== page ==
The digital age not necessarily a boon for emancipation


Emancipation Day

While many view it as a potential force for good, there is growing realisation of the threat posed by artificial intelligence (AI). Workers are concerned about the impact of AI on jobs and governments are being lobbied about the need for built-in fail-safe measures to mitigate the existential threat to humanity posed by superintelligence.

But a more hidden, and therefore more insidious, danger posed by AI is the way it can mirror, perpetuate and inflame prejudices and discrimination relating to institutional discrimination and race.

Experts warn about the need for vigilance in this environment. Events like this month’s commemorations relating to Emancipation Day are even more important in a rapidly moving age which is posing graver risks. One writer is of the view “Even as they develop AI, our African people continue to be at risk that.”

AI can help educate people about their African heritage and can help future generations forge an empowered sense of their identities. But this must be set against the clear weaknesses already inherent in how many AI systems are being developed and used.

The tech companies do not like to talk about it, but it is now well-documented how bias can creep into algorithms. Systems can learn to make decisions based on training data, which can include biased human decisions or reflect social inequities. Training data can also be warped by flawed sampling. Even when sensitive variables like race, gender or sexual orientation are removed, historical or social inequities can still slip in through the back door.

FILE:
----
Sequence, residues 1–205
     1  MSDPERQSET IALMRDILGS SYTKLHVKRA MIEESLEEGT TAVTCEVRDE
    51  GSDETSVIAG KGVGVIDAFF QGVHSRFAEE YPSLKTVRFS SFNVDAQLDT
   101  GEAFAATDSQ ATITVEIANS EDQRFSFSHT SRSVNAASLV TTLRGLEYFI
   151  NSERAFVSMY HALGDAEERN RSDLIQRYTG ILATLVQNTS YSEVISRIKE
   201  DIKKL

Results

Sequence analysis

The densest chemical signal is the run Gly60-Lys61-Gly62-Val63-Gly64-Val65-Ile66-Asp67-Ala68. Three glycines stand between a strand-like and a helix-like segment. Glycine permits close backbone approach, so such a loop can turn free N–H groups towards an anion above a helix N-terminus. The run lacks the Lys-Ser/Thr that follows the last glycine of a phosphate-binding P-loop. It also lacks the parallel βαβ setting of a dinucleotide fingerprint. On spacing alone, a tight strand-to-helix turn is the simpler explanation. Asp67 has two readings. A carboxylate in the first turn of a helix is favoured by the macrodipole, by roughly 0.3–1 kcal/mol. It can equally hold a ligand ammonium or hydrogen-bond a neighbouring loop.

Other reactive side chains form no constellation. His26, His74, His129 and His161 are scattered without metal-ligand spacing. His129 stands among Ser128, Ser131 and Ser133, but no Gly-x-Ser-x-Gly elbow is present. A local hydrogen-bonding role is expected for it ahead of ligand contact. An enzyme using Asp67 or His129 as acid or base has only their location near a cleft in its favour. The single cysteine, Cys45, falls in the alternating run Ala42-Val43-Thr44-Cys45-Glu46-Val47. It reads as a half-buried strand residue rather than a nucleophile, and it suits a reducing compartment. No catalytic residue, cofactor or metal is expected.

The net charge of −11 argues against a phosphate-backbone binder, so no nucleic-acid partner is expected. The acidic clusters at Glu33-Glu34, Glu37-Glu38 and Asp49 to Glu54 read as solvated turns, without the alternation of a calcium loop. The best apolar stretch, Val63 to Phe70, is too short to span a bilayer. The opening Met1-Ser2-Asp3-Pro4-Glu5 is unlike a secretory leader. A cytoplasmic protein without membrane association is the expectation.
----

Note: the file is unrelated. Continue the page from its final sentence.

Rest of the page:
The result is that these issues are then masked by an assumed “impartiality” which reflects prejudices at a fundamental level.

Thus, the traditional parameters of advocacy on race relations need to shift to focus now, also, on how the digital age has become a breeding ground for discrimination.

The problem is that we are not just fighting enslavement, we are fighting the continued institutionalised discrimination.

This is a substantial challenge in a world in which there are deliberate attempts to revise historical narratives and to erase the realities of systemic racism.

On one side of the Atlantic, in the UK, the existence of institutional racism is denied in a country that has never had a prime minister of African descent, on the other side, in the US, the Supreme Court has stopped universities from taking race into consideration in addressing an imbalanced admissions playing field and has seen politicians move to gloss how slavery is taught in schools.

In such a world, observing the end of slavery cannot be limited to a one-off holiday. It must be an ongoing project in the digital age.